It was Dec. 10, 1989, and the Dalai Lama had just emerged from his Oslo hotel in the winter dusk after being awarded the Nobel Peace Prize. I was among supporters from all over the world waiting there to celebrate a symbolic moment — the first global recognition not only of this humble monk in exile but also of his cause, his land and the people and wisdom culture of Tibet.
In those simpler days, before he would be swept to presidential meetings in motorcades, the Dalai Lama walked among us. On that evening, he embraced us one by one as our candle flames flickered in the darkness. People started to sing spontaneously, in many different languages, but somehow it became one song, one language, one voice.
I recall this magical moment today with a particular poignancy, because this Dec. 10 coincides with the COP21 climate talks in Paris that are critical to the survival of our planet.
One of the reasons the Nobel Peace Prize was awarded to the Dalai Lama was for his promotion of global interdependence and protection of the environment. In his acceptance speech, he said, “Both science and the teachings of the Buddha tell us of the fundamental unity of all things. This understanding is crucial if we are to take positive and decisive action on the pressing global concern with the environment.”
This vision has never been needed more, as governments attempt to forge a global treaty to limit carbon emissions and bring financial assistance to the poor, who will be the worst hit by a threat that is potentially more catastrophic than any war or disaster ever known.
One of the most alarming findings by international scientists — among them, many Chinese — is that the Dalai Lama’s home, Tibet, now under Chinese control, is warming nearly three times as fast as the rest of the earth. This matters to all of us. The size of Western Europe and the world’s highest and largest plateau, Tibet, the roof of the world, is also known as the earth’s third pole because it contains the biggest reserves of freshwater outside the Arctic and Antarctic. Its changing climate affects not only the monsoon in Asia but also weather patterns in Europe and across the rest of the Northern Hemisphere. Tibet may be the canary in the coal mine.
As the source of most of Asia’s major rivers, including the Yangtze, the Mekong and the Brahmaputra, Tibet’s fragile ecology is of critical importance to hundreds of millions of people in the water-dependent societies downstream. And yet, relatively unnoticed by the rest of the world, the Chinese government has built and is building dams on all the major rivers running off the Tibetan plateau — one of the most seismically active and unstable areas of the world — with potentially devastating consequences.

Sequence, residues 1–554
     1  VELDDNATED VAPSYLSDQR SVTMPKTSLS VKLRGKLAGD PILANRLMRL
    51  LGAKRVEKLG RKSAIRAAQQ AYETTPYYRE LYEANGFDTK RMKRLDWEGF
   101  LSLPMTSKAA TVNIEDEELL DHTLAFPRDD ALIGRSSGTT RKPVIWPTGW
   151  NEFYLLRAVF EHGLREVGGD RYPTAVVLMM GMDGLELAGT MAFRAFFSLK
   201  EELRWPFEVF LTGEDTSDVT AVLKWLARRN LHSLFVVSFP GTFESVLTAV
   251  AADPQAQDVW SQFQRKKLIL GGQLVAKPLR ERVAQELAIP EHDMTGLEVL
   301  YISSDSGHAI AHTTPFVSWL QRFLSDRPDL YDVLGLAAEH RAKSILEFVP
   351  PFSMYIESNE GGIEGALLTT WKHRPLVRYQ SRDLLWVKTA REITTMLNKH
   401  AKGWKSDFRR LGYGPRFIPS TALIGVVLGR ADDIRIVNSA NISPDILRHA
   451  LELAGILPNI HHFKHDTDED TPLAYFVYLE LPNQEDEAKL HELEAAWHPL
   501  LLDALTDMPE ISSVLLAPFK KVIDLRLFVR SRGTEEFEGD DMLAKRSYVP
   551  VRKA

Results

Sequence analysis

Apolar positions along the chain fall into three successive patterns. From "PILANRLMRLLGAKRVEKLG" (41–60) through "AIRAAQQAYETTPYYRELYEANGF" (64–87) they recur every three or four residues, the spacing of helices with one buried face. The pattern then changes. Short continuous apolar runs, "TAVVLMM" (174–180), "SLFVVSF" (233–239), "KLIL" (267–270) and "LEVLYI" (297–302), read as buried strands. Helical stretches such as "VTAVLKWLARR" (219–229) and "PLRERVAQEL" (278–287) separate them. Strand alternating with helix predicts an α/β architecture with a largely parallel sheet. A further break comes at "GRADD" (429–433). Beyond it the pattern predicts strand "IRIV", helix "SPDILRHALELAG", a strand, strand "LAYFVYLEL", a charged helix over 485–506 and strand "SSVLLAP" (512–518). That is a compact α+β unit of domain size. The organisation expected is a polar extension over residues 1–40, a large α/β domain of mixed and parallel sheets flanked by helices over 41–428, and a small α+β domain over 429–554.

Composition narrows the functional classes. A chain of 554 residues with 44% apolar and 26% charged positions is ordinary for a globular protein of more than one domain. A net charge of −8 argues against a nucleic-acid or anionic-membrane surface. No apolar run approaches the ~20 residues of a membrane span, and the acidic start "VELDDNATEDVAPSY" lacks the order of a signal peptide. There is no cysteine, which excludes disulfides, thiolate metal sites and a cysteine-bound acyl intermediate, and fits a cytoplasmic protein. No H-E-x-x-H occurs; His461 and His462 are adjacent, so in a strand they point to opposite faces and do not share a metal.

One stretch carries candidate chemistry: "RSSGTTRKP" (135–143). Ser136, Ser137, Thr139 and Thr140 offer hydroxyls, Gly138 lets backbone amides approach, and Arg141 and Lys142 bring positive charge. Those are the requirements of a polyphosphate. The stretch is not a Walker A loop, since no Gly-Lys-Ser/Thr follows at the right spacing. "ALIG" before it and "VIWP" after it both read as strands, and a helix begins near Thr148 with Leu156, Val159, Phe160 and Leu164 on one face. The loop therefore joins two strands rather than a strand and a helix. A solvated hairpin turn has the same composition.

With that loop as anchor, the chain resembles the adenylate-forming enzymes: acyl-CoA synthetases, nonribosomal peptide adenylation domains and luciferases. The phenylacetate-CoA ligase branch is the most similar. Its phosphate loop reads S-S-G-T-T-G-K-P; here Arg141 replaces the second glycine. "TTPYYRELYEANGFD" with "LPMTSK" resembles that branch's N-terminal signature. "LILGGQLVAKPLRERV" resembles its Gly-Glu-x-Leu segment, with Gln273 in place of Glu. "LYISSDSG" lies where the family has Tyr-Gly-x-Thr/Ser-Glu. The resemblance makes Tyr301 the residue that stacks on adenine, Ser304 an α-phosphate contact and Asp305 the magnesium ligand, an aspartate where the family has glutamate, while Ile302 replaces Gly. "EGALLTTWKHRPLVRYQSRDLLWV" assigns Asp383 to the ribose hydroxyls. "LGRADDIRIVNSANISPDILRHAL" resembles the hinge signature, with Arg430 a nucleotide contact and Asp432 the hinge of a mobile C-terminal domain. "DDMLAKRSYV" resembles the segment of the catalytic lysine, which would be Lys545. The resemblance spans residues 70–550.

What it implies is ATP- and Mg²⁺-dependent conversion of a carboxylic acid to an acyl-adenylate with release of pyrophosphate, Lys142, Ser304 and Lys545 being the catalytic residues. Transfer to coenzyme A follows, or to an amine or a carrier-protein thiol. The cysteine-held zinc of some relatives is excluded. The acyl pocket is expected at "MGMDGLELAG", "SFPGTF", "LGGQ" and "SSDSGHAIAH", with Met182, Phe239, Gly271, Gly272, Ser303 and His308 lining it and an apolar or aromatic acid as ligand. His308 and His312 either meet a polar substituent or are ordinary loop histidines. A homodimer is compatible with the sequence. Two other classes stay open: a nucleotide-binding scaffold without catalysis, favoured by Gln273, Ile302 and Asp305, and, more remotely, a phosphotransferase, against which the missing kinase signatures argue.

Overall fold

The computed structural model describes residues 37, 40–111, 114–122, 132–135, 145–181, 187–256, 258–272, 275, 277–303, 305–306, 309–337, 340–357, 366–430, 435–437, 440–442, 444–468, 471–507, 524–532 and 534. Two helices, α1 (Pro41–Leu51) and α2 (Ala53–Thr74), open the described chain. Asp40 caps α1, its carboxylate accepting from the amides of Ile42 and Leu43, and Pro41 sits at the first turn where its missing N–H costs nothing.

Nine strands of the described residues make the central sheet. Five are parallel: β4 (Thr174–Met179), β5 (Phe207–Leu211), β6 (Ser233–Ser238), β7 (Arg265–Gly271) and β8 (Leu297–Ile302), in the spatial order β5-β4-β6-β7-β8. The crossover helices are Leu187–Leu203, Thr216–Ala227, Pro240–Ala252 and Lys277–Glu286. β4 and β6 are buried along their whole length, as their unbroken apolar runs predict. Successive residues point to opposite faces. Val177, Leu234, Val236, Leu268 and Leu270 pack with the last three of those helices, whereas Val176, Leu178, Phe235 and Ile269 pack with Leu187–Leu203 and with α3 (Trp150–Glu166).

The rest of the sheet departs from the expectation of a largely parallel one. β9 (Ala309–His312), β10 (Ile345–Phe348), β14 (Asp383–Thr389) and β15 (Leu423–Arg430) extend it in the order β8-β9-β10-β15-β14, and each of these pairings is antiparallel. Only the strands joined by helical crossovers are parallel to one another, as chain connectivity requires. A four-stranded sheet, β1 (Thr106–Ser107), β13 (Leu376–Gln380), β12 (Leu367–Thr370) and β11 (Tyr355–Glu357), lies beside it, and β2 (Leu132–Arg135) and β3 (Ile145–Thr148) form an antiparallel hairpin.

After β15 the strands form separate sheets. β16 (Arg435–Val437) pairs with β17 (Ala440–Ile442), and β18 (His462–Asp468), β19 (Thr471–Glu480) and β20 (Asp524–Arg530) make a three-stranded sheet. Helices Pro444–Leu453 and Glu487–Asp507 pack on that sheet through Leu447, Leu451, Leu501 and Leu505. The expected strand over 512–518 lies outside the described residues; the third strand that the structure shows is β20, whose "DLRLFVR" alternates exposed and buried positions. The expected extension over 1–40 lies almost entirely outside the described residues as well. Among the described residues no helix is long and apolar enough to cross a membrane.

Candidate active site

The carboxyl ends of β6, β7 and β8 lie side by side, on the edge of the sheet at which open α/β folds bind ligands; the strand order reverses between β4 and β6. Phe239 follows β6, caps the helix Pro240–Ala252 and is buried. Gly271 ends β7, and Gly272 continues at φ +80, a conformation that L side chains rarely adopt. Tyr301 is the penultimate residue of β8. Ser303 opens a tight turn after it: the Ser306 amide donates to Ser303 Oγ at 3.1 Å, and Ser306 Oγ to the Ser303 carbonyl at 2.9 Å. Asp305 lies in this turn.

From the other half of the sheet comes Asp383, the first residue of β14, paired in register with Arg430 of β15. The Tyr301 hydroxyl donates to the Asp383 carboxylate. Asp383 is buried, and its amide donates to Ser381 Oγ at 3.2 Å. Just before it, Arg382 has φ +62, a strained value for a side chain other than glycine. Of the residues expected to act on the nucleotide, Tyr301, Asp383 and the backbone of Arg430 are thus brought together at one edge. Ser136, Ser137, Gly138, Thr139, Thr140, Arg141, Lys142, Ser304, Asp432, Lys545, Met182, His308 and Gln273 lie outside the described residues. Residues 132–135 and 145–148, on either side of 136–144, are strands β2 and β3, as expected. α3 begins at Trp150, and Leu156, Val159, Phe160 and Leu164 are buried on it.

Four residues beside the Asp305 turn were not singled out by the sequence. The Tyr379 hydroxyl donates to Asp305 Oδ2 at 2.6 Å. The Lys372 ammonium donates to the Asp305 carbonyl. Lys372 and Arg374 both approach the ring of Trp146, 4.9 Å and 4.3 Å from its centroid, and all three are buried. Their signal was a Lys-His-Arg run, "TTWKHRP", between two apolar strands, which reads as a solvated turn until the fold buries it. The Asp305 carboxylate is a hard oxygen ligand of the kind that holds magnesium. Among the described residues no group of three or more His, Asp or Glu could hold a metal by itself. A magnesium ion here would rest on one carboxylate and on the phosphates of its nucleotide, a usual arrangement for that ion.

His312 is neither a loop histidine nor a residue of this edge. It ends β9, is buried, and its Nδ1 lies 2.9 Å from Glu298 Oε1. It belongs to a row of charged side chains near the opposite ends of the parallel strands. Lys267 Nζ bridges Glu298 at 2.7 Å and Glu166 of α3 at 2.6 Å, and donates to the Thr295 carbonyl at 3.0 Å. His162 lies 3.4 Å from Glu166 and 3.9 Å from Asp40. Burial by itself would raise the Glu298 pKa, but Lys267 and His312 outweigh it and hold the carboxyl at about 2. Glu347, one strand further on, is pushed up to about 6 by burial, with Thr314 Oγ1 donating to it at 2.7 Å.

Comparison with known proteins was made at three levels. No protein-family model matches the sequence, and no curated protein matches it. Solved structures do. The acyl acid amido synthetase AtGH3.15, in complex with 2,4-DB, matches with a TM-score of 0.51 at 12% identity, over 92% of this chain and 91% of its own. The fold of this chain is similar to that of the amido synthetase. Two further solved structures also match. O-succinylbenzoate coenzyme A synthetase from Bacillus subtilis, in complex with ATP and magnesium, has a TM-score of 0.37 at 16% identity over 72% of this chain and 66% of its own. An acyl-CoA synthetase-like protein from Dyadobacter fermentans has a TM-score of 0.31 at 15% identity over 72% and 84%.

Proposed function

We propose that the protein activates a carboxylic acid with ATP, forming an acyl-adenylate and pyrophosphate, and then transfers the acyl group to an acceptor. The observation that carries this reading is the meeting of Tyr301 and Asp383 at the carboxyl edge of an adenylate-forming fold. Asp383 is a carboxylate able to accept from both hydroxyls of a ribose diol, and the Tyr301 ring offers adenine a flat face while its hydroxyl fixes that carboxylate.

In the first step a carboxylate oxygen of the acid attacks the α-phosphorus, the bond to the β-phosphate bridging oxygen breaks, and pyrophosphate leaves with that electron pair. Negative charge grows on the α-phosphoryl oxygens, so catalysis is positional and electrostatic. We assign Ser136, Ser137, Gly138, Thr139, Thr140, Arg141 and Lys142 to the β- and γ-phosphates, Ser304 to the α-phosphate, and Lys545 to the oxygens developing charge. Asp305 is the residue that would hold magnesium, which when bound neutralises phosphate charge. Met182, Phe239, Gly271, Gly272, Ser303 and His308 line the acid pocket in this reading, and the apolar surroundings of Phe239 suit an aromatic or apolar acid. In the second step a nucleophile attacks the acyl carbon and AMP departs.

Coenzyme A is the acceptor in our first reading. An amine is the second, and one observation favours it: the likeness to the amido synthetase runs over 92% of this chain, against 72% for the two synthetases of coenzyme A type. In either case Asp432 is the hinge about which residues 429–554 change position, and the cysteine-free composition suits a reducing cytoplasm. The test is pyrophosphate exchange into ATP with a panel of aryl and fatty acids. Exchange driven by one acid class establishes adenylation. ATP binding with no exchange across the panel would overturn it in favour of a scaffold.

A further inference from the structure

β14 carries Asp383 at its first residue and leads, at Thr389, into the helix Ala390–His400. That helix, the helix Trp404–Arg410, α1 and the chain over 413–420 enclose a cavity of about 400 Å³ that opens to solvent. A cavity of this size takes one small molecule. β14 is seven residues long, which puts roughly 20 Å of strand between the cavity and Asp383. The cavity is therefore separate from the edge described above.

In Tibet’s vast grasslands, nomadic herders have for thousands of years made a sustainable living uniquely adapted to the harsh conditions, migrating with their herds of yak and sheep according to the seasons. Now they are being displaced from their ancestral lands and removed to bleak concrete block settlements, resulting in both broken communities and increased environmental degradation.
This is despite the many authoritative Chinese voices — scholars and rangeland experts in the People’s Republic of China — among a global scientific consensus that indigenous stewardship and herd mobility is essential to the health of the grasslands and to help mitigate climate change.
With its source glaciers rapidly retreating and with Tibet’s river waters being diverted to Chinese cities far from the plateau, China is fulfilling its strategic objectives without regard to the needs of countries downstream. The transboundary implications of China’s control over Tibet are starker than ever. Access to water has become a serious security issue throughout East and Southeast Asia.
Given its critical importance, the impact of climate change and freshwater scarcity on the Tibetan plateau is not only a regional but a global issue.
The Chinese leadership has acknowledged at the highest levels the scale of the environmental crisis it faces. The disastrous results of breakneck industrial growth over environmental sanity has now convinced many in China that tackling climate change and protecting the environment are in their national and personal interests. As increasing numbers of Chinese environmentalists and experts have made clear, this must include conserving the Tibetan plateau.
A 21st century commitment to sustainability requires a halt to the displacement of nomads from the Tibetan grasslands and the integrated participation of Tibetans in management of the land. A new report by the International Campaign for Tibet, published to coincide with COP21, highlights new strategies that are required, based on inclusive dialogue that brings together vulnerable communities, regional and local governments and Chinese, Tibetan and other Asian scholars, scientists and NGOs. A regional framework for the governance and management of water resources urgently needs to be developed among all the nations in South and Southeast Asia, including China.
As the Dalai Lama says, “This blue planet is our only home, and Tibet is its roof. The Tibetan plateau needs to be protected, not just for Tibetans but for the environmental health and sustainability of the entire world.”
It is the world’s loss that, as a leader exiled from his country, the Dalai Lama could not be at the table in Paris. But it is imperative for us to pay attention to his words on the anniversary of that day in Oslo in 1989 by emphasizing in Paris and beyond that Tibet needs to be a serious priority in the global conversation on climate change.
And that — even given China's territorial claims — Tibet belongs to us all.